Neumann points to her life experience in saying that her past makes her well-suited to understand the issues facing residents in the district and represent them in Congress.
Neumann was born in Canada and moved to Bozeman as an infant after her dad died in a lumber mill accident. When the recession hit in the 80s, her family couldn’t find jobs and had to leave town to live with her stepdad’s sister out of state until they got on their feet again, she said.
“We had to leave … for work elsewhere because of economic challenges, which so many families are facing here now. To have a firsthand understanding of that struggle, to bring that to Washington, I think is really, really important right now,” Neumann said. “I feel like that real, direct, personal understanding of what Montanans are facing, that especially needs to be in Washington.”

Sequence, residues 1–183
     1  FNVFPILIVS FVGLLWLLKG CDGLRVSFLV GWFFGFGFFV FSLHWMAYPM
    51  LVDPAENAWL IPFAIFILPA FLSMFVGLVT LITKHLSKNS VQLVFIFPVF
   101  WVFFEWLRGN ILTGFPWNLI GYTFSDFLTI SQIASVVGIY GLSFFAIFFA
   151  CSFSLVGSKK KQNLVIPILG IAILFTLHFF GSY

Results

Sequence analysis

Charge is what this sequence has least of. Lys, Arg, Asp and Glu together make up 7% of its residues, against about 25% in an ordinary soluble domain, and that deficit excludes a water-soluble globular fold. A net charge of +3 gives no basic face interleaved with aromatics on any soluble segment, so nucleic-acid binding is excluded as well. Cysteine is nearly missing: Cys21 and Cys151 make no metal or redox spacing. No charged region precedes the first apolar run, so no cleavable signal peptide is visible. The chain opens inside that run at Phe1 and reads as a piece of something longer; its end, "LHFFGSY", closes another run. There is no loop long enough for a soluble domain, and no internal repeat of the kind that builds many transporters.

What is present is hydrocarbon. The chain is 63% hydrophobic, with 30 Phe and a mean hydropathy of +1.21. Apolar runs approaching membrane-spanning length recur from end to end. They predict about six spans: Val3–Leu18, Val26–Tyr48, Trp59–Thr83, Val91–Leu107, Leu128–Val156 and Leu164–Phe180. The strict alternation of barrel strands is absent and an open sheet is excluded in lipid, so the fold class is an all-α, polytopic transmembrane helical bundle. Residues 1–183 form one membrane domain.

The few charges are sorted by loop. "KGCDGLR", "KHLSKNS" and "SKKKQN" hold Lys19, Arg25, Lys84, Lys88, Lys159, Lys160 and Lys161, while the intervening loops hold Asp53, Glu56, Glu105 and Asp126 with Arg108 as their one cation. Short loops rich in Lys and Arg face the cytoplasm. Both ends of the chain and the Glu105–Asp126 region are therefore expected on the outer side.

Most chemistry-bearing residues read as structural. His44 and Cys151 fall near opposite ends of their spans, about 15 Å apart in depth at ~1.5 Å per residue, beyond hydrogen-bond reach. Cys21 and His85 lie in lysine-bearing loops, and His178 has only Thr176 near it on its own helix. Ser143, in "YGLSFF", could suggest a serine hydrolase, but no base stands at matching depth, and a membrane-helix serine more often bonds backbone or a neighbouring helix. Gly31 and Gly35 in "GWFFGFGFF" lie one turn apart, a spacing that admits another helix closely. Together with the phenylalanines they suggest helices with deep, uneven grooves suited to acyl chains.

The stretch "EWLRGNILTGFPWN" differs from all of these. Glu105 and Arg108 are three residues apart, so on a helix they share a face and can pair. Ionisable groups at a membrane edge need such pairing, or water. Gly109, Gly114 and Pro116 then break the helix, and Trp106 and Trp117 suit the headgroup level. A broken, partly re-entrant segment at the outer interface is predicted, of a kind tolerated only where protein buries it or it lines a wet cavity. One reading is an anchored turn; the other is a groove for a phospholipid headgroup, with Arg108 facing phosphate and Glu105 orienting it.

Neumann moved back to Bozeman in 2019 and ran briefly in the U.S. Senate primary in 2020. Her opponents have criticized her time spent out of state, saying she moved back to seek office. That’s something they also ding the expected Republican primary victor, Ryan Zinke, with.
Neumann counters that her roots are in Montana and that her geographically broad career across the country and world makes her a stronger candidate.
“I can hit the ground running in D.C. because I have worked nationally,” she said. “Also because it’s far away and it’s in D.C., it’s even more important to have someone in DC who really understands what Montana families go through and especially what they’re going through right now.”
Neumann’s campaign aims to tap into a concern about the ways Montana is changing. She said people in the district and across the state are struggling with “feeling that Montana is being bought up from underneath us.”